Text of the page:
Perhaps as regards change there’s always going to be that hypocritical tension between do what I do and, do what I say! But when it comes to leading by example, well I figure that after the age of 70 (still quite a way off for me), I might take up cigars, whisky and wild women, or at least I hope to be able to manage the first two!

      The Prime Ministership changed Howard. I thought for the worse. Fraser in particular became more beloved as an elder statesman. Perhaps that’s just commentary on the parlous state of our younger statesmen. But I doubt Howard will follow in the same vein. My suspicion is that even as we speak he’s rather a frustrated cricket commentator than a source of political wisdom.


      • Julia March 18, 2012 at 1:12 pm #

        As with many areas of human behaviour, with drug addiction/dependency there is a tendency to place the whole thing into a neat little box…a one size fits all approach all wrapped up with a pretty bow on top.
        There was a time I thought I knew almost everything about curing the illness.
        Then a met a young pregnant woman who didn’t do drugs, but was clearly physically addicted to television. Almost from the moment she became pregnant she began sitting on the bed in front of the telly and simply could not tear herself away. She stopped going out, the flat became putrid as merely taking the time to go to the kitchen to rinse out a cup and make a cuppa meant she’d miss a few precious moments of Days of Our Drearies. She let herself become dehydrated, malnourished, unwashed.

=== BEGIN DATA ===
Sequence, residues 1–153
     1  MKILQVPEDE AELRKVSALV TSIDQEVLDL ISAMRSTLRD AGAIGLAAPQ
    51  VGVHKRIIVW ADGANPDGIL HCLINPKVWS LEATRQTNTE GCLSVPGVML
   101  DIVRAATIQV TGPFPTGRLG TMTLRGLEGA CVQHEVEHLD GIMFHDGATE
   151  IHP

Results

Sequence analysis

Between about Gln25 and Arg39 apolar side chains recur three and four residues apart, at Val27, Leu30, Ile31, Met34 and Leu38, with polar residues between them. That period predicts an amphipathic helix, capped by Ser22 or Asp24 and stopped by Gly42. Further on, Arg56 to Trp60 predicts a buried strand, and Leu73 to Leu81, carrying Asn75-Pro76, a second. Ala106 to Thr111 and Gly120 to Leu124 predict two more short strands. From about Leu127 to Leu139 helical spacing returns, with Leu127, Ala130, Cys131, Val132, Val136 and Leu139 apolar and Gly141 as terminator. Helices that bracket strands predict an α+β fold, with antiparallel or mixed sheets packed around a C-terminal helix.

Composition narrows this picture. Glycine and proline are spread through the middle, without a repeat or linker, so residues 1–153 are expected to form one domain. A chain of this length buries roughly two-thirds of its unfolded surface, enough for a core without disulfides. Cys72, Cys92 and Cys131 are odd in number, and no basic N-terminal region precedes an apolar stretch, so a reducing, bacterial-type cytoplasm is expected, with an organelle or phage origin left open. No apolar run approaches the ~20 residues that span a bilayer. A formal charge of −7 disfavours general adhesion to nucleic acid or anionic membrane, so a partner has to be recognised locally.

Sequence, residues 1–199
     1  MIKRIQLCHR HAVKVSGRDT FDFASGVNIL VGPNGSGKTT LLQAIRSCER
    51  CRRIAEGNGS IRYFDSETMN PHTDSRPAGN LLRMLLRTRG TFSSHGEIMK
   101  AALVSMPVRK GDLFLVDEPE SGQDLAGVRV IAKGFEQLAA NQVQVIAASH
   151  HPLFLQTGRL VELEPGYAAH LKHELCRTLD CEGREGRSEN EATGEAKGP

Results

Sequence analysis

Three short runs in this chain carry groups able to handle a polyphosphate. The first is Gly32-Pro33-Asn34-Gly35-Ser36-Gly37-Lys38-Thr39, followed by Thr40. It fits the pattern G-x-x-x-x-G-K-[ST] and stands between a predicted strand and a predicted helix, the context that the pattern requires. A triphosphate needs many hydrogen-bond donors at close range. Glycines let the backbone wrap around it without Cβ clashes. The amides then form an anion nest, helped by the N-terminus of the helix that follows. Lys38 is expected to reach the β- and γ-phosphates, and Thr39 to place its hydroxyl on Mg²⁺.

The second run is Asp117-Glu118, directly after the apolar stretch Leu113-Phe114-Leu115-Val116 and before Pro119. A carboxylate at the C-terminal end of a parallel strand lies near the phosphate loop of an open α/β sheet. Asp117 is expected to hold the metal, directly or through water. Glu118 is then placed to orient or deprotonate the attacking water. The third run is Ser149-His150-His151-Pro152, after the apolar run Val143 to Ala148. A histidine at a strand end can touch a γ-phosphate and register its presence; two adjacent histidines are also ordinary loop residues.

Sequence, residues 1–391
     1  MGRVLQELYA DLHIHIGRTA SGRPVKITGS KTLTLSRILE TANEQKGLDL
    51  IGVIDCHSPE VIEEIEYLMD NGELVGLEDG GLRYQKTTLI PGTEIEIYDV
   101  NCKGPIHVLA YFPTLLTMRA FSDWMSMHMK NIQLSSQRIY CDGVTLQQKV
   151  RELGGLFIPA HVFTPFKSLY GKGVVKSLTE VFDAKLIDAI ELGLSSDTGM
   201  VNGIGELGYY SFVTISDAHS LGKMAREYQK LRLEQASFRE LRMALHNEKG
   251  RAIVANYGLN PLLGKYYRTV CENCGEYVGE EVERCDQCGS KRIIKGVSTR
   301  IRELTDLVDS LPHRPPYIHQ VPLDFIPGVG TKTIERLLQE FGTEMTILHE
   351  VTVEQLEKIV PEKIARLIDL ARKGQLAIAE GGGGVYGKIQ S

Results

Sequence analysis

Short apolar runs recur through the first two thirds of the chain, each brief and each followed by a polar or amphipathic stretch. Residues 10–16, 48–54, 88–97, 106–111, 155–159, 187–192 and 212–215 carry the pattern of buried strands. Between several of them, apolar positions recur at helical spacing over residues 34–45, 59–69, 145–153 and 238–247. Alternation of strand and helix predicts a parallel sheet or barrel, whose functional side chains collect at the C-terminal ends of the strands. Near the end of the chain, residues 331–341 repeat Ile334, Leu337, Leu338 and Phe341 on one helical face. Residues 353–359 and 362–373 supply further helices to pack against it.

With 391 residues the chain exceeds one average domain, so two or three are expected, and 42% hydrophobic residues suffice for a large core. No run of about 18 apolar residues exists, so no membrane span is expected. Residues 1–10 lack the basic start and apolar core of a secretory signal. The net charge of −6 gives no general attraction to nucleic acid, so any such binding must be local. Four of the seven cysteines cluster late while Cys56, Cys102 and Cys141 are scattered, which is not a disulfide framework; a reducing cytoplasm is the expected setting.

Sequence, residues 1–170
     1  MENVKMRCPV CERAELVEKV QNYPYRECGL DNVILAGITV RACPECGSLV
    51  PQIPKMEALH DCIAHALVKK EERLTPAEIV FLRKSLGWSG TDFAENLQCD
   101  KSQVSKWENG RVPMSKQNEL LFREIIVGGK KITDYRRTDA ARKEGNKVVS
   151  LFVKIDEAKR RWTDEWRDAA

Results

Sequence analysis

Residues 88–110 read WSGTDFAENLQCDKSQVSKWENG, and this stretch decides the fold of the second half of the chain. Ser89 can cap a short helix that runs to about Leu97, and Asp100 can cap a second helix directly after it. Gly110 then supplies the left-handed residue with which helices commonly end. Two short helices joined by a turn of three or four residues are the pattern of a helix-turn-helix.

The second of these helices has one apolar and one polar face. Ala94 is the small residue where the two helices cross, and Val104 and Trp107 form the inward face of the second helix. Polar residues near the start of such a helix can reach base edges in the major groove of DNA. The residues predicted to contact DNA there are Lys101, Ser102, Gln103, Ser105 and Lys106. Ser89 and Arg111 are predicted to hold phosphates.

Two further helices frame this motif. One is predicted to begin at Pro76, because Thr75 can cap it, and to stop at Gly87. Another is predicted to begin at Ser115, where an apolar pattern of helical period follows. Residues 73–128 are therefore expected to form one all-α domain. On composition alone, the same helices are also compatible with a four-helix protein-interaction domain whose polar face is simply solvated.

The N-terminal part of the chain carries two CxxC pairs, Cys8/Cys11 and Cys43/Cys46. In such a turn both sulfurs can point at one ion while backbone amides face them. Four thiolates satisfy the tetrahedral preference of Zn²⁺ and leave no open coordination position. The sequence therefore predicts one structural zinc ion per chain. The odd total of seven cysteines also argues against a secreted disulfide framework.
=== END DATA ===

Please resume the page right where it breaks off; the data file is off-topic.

We tried everything but nothing worked. Even forcing her away, literally dragging her downstairs to the cafe below, to eat a meal. The longer she was without the drug the worse the classic signs of withdrawal became…the shakes, the nervous tics, the stomach cramps, the looking for an escape route, the whole scenario. It was clearly a physical response which settled rapidly once she was back upstairs in front of the telly.